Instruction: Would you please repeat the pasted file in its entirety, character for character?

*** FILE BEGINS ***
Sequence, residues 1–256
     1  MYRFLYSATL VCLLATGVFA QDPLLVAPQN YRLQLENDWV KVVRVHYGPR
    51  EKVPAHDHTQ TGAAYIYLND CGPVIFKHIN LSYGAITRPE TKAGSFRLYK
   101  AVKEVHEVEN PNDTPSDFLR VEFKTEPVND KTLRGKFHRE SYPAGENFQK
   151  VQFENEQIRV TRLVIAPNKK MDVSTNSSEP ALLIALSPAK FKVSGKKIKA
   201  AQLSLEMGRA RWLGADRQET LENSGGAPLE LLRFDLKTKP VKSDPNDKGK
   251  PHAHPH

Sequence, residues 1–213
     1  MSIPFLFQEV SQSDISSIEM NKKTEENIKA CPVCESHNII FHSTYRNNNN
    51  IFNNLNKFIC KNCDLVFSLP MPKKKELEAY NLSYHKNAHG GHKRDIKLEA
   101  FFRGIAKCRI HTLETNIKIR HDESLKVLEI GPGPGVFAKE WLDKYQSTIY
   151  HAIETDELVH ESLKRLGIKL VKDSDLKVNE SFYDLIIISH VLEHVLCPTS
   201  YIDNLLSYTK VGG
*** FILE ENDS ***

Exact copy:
Sequence, residues 1–256
     1  MYRFLYSATL VCLLATGVFA QDPLLVAPQN YRLQLENDWV KVVRVHYGPR
    51  EKVPAHDHTQ TGAAYIYLND CGPVIFKHIN LSYGAITRPE TKAGSFRLYK
   101  AVKEVHEVEN PNDTPSDFLR VEFKTEPVND KTLRGKFHRE SYPAGENFQK
   151  VQFENEQIRV TRLVIAPNKK MDVSTNSSEP ALLIALSPAK FKVSGKKIKA
   201  AQLSLEMGRA RWLGADRQET LENSGGAPLE LLRFDLKTKP VKSDPNDKGK
   251  PHAHPH

Sequence, residues 1–213
     1  MSIPFLFQEV SQSDISSIEM NKKTEENIKA CPVCESHNII FHSTYRNNNN
    51  IFNNLNKFIC KNCDLVFSLP MPKKKELEAY NLSYHKNAHG GHKRDIKLEA
   101  FFRGIAKCRI HTLETNIKIR HDESLKVLEI GPGPGVFAKE WLDKYQSTIY
   151  HAIETDELVH ESLKRLGIKL VKDSDLKVNE SFYDLIIISH VLEHVLCPTS
   201  YIDNLLSYTK VGG